In the days following September 11, for example, people likely repeatedly rehashed their own personal stories—“where were you when you heard the news? ”—in conversations with friends and family, perhaps allowing details of other people’s stories to mix with their own. According to this view, the brain’s memory system works something like a pen and notebook. For a brief time before the ink dries, it’s possible to smudge what’s written. Sure, memories may fade over the years like an old letter (or even go up in flames if Alzheimer’s disease strikes), but under ordinary circumstances the content of the memory stays the same, no matter how many times it’s taken out and read. The data used by Pew comes from a survey of nearly 9,000 participants, which provides a margin of error of just ±1.6 percentage points. For some of the individual questions, Pew has been gathering data since at least 2016, allowing it to spot trends in the public’s views.
Among the many questions that Nader is now pursuing is whether all memories become vulnerable when recalled, or only certain memories under certain circumstances. Later the researchers asked all the students what they had seen—a stop sign or yield sign? Students who’d been asked a misleading question were more likely to give an incorrect answer than the other students. In the following days, Nader recalls, he passed through subway stations where walls were covered with notes and photographs left by people searching desperately for missing loved ones. He has a Bachelor of Arts in Biochemistry from Columbia University, and a Ph.D. in Molecular and Cell Biology from the University of California, Berkeley. When physically separated from his keyboard, he tends to seek out a bicycle, or a scenic location for communing with his hiking boots.
How did Earth get its water?
In reply to Lord Kelvin’s attacks, the geologists used two principal lines of reasoning. One referred to the depth of the sediments and the time they would have taken to accumulate; the other referred to the salinity of the oceans, compared with the rate at which rivers are supplying them with sodium salts. In hindsight, both theories were deeply misguided, for similar reasons.
Another type of light microscopy is fluorescence microscopy, which is used to image samples that fluoresce . Light of one wavelength is used to excite the fluorescent molecules, and the light of a different wavelength that they emit is collected and used to form a picture. In most cases, the part of a cell or tissue that we want to look at isn’t naturally fluorescent, and instead must be labeled with a fluorescent dye or tag before it goes on the microscope. A real-world test of Nader’s theory of memory reconsolidation is taking place a few miles from his Montreal office, at the Douglas Mental Health University Institute. Alain Brunet, a psychologist, is running a clinical trial involving people with post-traumatic stress disorder .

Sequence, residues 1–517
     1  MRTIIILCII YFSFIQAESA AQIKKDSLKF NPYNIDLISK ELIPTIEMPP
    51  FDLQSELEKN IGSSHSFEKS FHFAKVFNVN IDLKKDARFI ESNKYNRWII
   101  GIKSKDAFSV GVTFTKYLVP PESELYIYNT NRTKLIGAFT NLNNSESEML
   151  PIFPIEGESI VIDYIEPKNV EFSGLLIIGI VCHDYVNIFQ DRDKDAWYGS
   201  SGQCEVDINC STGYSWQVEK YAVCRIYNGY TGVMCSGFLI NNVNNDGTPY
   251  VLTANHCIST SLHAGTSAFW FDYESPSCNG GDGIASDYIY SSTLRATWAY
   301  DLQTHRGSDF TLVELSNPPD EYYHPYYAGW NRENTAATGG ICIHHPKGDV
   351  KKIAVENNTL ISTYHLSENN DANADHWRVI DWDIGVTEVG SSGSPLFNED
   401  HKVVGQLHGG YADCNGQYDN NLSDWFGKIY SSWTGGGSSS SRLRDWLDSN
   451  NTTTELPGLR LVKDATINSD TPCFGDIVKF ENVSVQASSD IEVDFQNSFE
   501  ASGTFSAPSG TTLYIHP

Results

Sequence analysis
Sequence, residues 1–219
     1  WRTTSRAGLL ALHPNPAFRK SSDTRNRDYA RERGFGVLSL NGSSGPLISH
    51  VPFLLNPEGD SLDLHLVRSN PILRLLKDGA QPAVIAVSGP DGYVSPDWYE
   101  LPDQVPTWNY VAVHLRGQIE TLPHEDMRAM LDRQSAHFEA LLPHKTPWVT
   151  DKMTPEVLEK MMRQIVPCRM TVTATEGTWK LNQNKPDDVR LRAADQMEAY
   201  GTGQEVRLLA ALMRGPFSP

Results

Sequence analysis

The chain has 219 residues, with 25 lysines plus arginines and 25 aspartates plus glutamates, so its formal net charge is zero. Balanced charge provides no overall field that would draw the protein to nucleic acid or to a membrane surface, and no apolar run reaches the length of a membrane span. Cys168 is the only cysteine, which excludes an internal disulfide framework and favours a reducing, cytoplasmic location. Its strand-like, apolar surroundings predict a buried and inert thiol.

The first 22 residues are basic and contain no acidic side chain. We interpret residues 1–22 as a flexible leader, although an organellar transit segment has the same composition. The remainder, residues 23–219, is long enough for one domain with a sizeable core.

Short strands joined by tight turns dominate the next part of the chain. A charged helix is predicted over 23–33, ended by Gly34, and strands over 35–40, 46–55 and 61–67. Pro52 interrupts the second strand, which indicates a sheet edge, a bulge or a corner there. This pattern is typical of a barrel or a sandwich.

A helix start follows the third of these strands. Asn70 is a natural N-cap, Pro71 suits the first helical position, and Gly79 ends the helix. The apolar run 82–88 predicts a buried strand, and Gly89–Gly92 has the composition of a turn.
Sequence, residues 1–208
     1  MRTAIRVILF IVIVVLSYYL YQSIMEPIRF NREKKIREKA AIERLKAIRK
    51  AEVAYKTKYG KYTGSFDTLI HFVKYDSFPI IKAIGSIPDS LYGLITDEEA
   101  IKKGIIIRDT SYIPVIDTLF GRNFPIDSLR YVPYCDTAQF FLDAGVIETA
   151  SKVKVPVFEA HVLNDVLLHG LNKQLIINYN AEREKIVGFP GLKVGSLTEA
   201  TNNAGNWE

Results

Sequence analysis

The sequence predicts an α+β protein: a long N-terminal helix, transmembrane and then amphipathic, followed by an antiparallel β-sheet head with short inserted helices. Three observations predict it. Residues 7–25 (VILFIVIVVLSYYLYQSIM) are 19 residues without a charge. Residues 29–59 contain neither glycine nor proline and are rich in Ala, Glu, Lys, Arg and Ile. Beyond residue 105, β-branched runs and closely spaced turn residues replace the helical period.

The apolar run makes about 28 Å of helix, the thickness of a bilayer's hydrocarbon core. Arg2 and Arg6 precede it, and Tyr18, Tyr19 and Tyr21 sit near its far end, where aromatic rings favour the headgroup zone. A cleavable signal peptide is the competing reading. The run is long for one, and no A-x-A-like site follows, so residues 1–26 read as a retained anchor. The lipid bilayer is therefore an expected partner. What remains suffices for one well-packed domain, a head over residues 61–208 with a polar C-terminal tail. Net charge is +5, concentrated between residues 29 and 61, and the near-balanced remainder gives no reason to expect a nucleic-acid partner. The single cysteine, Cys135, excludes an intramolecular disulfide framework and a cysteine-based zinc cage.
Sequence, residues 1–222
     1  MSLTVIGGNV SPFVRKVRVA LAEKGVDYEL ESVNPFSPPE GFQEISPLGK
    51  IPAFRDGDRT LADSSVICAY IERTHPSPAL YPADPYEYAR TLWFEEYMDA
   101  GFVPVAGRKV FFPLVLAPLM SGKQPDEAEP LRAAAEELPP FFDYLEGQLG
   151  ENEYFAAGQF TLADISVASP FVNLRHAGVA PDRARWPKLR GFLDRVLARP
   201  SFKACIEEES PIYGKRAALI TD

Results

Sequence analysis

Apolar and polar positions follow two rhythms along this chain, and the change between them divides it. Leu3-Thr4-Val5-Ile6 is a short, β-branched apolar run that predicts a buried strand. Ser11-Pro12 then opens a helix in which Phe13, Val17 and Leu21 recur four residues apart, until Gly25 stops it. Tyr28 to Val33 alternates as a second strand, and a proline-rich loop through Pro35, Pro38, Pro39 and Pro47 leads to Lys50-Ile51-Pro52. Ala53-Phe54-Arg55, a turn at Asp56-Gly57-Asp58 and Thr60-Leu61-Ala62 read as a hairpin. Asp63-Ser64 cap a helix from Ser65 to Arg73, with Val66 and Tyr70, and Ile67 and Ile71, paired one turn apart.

Jupiter has a tendency to take comets that come too close and fling them out of the solar system. The few that do end up on Earth-crossing orbits don’t stay there for long. When the solar system formed about 4.6 billion years ago, shards of calcium- and aluminum-rich minerals stuck together, building ever-larger pebbles and boulders that smashed together and assembled the rocky planets, including Earth. Electron microscopes are typically produced by various manufacturers around the world.
Lucy’s primary goal is to survey the never-before-visited Jupiter Trojan asteroids. The excellent performance of that system at Dinkinesh allowed the team to capture multiple perspectives on the system, which enabled the team to better understand the asteroids’ shapes and make this unexpected discovery. Scientists use climate and weather models to understand how our global climate has changed over the past century, how it might change in the future and what influences those changes. Those models depend on meteorological records from around the globe and are only as accurate as the data that anchor them. Social science is the branch of science devoted to the study of societies and the relationships among individuals within those societies.
A major government assessment lays out both the far-reaching perils of global warming and the cost-effective fixes that are available today. In one of Yellowstone National Park’s most well-known attractions, researchers discovered an extraordinary diversity of microbial life. A simulation suggests that fine particles played a stronger role in cooling the planet and stalling photosynthesis after an asteroid impacted the Earth. The chance finding in a Japanese university’s greenhouse could help researchers find ways to control agricultural pests or even insects that spread disease. In the Cyclops Mountains in the Indonesian part of the island of New Guinea, Oxford scientists and local guides made a series of spectacular discoveries. A new study suggests that explosive events in space have the potential to temporarily switch off the natural shield that protects us from harmful solar radiation. Repeated bits of the disease-causing gene pile up in some brain cells.
Different types of microscopes differ in their magnification and resolution. More complex compound microscopes may not produce an inverted image because they include an additional lens that “re-inverts” the image back to its normal state.
Paleontology has a ‘parachute science’ problem. Here’s how it plays out in 3 nations
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